Domestic resistance and state oppression

Sanctions implemented and later lifted

Serbia and Montenegro were placed under sanctions by the international community for their involvement in the fighting in Croatia and Bosnia.

If in 1992-3 Western leaders wanted to oust Milošević, by 1994 they appeared invested in his survival. He was seen as the figure that could deliver peace by controlling local Serbian leaders and in 1995, at Dayton, he did just that. Sanctions against Serbia were ended in 1995.

Opposition parties

Milošević faced significant Serb opposition at home. The three opposition democratic parties organized a unity coalition called Zajedno prior to the 1996 municipal elections.

Employees of Radio B92 Belgrade on election night, December 1992. (public source)

Employees of Radio B92 Belgrade on election night, December 1992.  (Flickr)

The opposition to Milosovic expressed itself through the newsmagazine Vreme, the radio station B92, the anti-war group Women in Black, and by widespread draft avoidance. While struggling against the powerful state apparatus, the opposition also had to overcome public apathy. They were also hampered by the boycott of the Serbian elections by Kosovo Albanians, which immediately yielded seats either to the Socialist Party of Serbia (SPS) or more extremist nationalist parties elected by Kosovo's Serbs.

Municipal elections in 1996
Zoran Dindic (public source)

Zoran Đinđić (Flickr/Courtesy of World Economic Forum)

Opposition supporters in Belgrade and several large urban centers outvoted Milošević's Socialist Party, and claimed victory in the local elections. Milošević blocked confirmation of the results, prompting three months of peaceful protest before he gave way, and opposition parties took control of fourteen cities. Zoran Đinđić, head of the Democratic Party, became mayor of Belgrade.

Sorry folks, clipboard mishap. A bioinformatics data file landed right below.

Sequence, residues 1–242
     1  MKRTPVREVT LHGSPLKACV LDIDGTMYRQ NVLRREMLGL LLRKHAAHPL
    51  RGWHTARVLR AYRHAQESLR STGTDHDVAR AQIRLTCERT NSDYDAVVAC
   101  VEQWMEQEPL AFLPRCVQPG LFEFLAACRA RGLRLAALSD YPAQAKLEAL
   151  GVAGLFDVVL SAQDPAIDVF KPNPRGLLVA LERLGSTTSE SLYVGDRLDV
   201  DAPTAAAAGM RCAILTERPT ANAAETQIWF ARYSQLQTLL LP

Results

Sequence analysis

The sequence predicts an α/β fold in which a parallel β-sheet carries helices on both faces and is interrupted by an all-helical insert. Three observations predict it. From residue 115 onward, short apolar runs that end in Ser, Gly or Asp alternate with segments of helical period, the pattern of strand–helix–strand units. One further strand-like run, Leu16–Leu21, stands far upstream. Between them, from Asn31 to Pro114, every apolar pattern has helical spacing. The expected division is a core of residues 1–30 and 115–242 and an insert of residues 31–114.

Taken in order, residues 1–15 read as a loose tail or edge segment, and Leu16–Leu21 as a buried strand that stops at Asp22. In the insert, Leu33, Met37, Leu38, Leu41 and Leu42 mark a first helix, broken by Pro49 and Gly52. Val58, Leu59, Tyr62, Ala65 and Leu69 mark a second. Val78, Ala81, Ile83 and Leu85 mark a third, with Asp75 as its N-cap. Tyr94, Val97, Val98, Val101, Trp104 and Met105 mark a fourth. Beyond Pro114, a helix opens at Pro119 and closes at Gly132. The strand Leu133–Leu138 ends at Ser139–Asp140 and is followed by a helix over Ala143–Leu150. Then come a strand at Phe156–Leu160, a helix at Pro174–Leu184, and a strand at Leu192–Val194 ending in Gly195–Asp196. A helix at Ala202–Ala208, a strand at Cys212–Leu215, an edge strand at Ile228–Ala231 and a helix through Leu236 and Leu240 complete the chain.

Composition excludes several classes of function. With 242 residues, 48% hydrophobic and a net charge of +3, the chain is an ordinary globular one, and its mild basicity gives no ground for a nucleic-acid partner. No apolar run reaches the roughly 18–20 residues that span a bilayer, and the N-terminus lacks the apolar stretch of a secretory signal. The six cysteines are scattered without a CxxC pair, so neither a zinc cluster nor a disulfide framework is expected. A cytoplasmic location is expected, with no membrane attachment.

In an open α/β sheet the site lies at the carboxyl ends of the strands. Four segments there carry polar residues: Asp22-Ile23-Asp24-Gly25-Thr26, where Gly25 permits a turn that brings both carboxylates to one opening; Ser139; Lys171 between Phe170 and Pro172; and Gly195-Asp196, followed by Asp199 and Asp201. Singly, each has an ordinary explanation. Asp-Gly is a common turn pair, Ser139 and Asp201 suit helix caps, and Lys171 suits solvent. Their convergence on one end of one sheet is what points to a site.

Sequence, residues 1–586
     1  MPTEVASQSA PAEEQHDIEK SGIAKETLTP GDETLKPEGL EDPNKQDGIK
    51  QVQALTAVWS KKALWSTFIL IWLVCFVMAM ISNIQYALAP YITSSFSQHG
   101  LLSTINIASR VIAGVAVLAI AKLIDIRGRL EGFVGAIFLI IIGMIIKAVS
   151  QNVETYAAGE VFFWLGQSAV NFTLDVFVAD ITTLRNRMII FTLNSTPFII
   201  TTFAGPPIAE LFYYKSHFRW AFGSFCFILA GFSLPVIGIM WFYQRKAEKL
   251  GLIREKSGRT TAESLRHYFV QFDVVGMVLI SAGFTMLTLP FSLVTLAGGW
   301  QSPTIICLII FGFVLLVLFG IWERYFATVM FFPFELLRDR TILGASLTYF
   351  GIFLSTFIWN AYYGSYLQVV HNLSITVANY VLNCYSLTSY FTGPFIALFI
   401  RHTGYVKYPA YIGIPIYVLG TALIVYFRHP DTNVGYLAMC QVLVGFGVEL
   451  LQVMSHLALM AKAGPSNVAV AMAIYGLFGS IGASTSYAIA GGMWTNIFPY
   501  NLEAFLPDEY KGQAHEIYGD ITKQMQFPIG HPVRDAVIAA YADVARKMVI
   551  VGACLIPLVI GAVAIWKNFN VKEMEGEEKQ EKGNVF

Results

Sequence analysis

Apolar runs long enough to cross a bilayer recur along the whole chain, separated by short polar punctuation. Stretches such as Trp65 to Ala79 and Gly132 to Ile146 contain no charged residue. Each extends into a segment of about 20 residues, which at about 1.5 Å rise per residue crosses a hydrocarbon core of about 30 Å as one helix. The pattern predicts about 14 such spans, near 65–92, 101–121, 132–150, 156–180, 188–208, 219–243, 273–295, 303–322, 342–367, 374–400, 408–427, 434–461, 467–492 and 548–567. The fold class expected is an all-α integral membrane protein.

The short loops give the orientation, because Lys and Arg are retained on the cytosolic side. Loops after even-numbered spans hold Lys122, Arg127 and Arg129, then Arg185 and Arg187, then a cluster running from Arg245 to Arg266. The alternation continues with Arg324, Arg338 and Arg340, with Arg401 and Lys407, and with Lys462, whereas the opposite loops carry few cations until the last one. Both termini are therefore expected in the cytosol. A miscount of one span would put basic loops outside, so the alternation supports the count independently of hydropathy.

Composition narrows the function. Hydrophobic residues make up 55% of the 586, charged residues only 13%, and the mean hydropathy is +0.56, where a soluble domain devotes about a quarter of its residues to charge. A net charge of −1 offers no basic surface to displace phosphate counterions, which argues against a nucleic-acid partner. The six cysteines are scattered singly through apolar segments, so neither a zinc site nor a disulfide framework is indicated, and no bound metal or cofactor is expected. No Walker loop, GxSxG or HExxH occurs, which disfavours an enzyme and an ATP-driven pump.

Presidential and parliamentary elections in 1997

Milošević, having served two terms as President of Serbia could not stand again, and so ran for the Presidency of Yugoslavia -- previously a position with little power. His selection resulted in increased Montenegrin nervousness over Serbian domination of the Yugoslav federation. Meanwhile, in the run up to the elections the opposition coalition fell apart. Rivalry between leading opposition figures over who would run for the Presidency as the coalition’s candidate resulted in a Democratic Party boycott of the elections.



Vuc Draskovic (courtesy of Mariusz Kubic)

Šešelij was defeated in the final round by the SPS' Milan Milutinović’s. SPS formed a leftist coalition with Yugoslav Left (JUL), headed by Milosevic's wife Mira Marković, which won 110 seats in the Assembly, while Seselj's SRS won 82 seats, and Vuk Drašković's Serbian Renewal Movement (SPO) won 45. A government was formed when SPS formed a coalition with Šešelj's SRS, which united the forces of socialism and nationalism